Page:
A few years ago, sitting on the floor of the U.S. House with my friend Rep. Jim Walsh of Syracuse, I said of the member who was speaking: “Curt’s dyed his hair.”

Jim looked at me, very seriously, and said: “Curt’s dad is here?”

People who grew up in East Tennessee, as I did, are accustomed to being teased about our accents.

I sometimes say, when speaking to groups from around the nation, that I come from the only part of the United States where the people speak without any accent.  I say this in jest, but it actually has some truth to it.

Many years ago, on an elevator in Washington, a woman heard my father speaking with my younger sister.  She said, “You must be from Eastern Tennessee or Western North Carolina.”  (Natives of Tennessee always say “East,” never “Eastern,” Tennessee).

Dad replied: “We are.  How did you know?”

The woman explained that she was a college professor who specialized in American dialects and that those were the only two places where the people still spoke “authentic Chaucer English.”

Years later, I heard a talk in Knoxville by another professor who said that the tone, dialect, and inflection of native East Tennesseans was the closest to what some called the King’s English, the English of Shakespeare.  Yet those of us from East Tennessee have been teased so much that some have grown up with unjustified inferiority complexes about our accents.

When I was a student at the University of Tennessee, I heard some of my former high-school classmates talking in fake Northern accents, which sounded slightly ridiculous.

My own daughter was embarrassed when a friend of hers told her that a female speech professor at the University of Tennessee had made fun of my accent.  My daughter said, “Dad, how do you spell Washington?”  I replied: “W-o-r-s-h-i-n-g-t-o-n.”

A few months later, while attending a family reunion in rural Scott County, Tennessee, 70 miles north of Knoxville, my children and I drove by a car wash in Oneida whose sign read “W-A-R-S-H H-O-U-S-E.”  Since I had spent some of my early years at my grandparents’ small farm in that county, I told my children: “Now you see where I got part of my accent.”

When people make fun of me, I usually joke right back.  A couple of years ago, I went to an Orioles game in Baltimore.  At the concession stand, I ordered a hot dog and coke.  The man working there immediately said “Where are you from?” in a tone that suggested I had said something wrong.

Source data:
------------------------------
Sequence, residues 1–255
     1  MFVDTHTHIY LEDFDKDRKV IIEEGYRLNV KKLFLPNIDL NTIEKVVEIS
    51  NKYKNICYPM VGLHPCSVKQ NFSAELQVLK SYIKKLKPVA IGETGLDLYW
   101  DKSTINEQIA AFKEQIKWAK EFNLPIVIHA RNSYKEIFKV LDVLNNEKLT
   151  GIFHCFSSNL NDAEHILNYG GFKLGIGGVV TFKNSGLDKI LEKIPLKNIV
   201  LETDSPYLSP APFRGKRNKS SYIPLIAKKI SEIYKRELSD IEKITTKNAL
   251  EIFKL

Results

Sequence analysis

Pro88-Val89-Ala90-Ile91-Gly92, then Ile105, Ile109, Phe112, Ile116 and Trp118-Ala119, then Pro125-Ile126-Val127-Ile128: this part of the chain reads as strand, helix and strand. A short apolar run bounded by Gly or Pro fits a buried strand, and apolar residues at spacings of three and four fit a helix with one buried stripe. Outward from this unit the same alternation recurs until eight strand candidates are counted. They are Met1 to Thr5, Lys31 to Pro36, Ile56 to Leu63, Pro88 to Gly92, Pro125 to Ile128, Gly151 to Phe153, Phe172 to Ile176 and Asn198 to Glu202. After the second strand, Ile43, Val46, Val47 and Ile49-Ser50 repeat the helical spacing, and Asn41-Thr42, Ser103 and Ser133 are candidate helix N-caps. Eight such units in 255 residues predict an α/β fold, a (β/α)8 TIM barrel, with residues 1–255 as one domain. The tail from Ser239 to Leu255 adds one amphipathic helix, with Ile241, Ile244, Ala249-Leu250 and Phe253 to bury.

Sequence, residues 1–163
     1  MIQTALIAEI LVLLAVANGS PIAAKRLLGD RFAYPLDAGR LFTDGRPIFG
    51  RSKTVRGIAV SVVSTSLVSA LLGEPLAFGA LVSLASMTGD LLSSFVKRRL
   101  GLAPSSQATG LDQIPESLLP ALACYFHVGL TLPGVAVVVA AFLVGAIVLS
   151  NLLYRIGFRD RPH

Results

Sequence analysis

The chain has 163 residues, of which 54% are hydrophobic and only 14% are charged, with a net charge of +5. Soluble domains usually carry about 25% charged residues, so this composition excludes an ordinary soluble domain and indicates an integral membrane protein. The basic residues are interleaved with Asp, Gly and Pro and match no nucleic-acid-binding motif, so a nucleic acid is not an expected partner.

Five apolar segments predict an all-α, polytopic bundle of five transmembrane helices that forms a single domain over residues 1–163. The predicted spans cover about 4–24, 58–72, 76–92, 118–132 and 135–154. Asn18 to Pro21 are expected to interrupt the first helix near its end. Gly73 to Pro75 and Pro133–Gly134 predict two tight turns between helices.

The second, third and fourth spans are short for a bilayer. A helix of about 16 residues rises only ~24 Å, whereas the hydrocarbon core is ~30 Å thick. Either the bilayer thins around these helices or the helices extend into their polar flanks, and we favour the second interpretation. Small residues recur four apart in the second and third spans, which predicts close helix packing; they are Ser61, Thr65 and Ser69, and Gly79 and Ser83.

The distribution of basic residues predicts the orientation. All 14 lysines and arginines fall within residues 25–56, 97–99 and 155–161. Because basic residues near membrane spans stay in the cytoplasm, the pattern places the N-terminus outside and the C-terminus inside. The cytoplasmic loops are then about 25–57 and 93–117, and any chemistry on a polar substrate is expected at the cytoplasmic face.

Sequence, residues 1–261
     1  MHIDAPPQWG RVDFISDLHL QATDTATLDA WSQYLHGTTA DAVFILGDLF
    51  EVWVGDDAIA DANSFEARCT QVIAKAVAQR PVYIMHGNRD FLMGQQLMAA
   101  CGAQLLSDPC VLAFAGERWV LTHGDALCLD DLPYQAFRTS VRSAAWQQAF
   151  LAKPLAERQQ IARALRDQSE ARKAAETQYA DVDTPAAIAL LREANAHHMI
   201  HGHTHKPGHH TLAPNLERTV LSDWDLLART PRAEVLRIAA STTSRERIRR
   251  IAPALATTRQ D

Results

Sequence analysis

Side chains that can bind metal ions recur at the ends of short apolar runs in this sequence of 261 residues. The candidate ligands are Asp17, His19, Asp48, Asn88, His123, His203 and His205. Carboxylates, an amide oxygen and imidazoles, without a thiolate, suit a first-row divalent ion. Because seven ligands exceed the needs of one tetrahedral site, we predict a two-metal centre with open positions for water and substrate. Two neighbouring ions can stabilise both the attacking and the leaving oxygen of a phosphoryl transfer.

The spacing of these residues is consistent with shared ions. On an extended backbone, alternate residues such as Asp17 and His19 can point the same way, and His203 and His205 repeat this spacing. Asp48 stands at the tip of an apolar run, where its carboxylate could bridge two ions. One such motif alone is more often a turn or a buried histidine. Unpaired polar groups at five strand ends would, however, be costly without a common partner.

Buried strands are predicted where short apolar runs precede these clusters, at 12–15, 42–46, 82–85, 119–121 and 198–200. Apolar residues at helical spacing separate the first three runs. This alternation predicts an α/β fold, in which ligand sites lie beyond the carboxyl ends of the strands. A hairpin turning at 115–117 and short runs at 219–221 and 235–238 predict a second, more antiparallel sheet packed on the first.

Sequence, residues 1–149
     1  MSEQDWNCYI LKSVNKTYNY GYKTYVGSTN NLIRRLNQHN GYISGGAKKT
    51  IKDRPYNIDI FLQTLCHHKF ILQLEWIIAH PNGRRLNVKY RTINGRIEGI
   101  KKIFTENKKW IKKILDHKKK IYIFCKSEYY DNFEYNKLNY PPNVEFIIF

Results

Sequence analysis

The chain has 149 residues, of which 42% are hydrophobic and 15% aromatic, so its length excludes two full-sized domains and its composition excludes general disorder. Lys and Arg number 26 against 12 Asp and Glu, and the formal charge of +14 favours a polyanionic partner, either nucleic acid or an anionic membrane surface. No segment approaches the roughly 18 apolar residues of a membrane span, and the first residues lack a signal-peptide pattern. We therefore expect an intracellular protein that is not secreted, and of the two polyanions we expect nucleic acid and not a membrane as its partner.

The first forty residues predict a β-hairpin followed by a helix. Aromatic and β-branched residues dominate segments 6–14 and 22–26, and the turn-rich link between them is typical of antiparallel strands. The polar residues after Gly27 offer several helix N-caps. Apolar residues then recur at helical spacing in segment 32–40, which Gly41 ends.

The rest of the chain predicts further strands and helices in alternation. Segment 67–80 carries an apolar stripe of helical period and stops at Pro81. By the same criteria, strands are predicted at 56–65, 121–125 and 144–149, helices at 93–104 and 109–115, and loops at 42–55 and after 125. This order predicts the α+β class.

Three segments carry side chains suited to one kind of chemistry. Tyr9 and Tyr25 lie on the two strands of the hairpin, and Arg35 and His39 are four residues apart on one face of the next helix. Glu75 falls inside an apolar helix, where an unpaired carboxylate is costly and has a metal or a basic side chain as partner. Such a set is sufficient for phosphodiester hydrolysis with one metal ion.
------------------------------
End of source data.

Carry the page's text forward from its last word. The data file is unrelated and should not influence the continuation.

I replied, “Well, I’m from Tennessee, but, with my accent, you probably thought I was from New York or Connecticut.”

I occasionally get asked if I am from Texas.  Many Texans have Tennessee ancestors, and we sometimes say that, if there had not been a Tennessee, there never would have been a Texas.  (But my Dad would add that, if there had been a back door at the Alamo, there might still not be a Texas.)

The small town of Vonore and its surrounding area in my district have become very popular places to retire.  Most of the retirees are from “up north” and pronounce Vonore very differently from the natives.  The mayor of Vonore once told me that two recently retired men were sitting in a Hardees discussing the name of the town.  They called over a woman who worked there, and one of the men asked, “Would you pronounce for us, very slowly, the name of the place we’re at?”  The woman said, very slowly, “HAR—DEES.”

A reporter for USA Today called me a few years ago and asked if anyone teased me about my “Southern” accent.  I told her I didn’t have a Southern accent.  She insisted that I did, because she wanted to get some material for her story.  I told her that I had an East Tennessee accent, which is something very distinct and different from a Southern accent.

Yet, as our nation grows more bland and homogenized with each passing year and regional differences slowly disappear, some say that our varied accents will soon be a thing of the past.  A couple of years ago, the wife of an official in Blount County, Tennessee, told me that so many people were moving there that “you can’t hear an East Tennessee accent in the Wal-Mart anymore.”  I think people should be proud to be whatever they are and proud to be from wherever they are from.

A few years ago, I read in a magazine for the legal profession that someone had done a study of the phenomenal success Southern lawyers were having in front of New York juries.  The main point was that juries can usually spot a phony and that, whether you were a Southern lawyer in front of a Northern jury or vice versa, it would be a mistake to try to fake an accent and to try to be something you are not.

I think this applies not just to the legal profession but to all walks of life.

I am proud to be from East Tennessee, and, even though I may be teased, I will just relax and keep speaking “authentic Chaucer English.”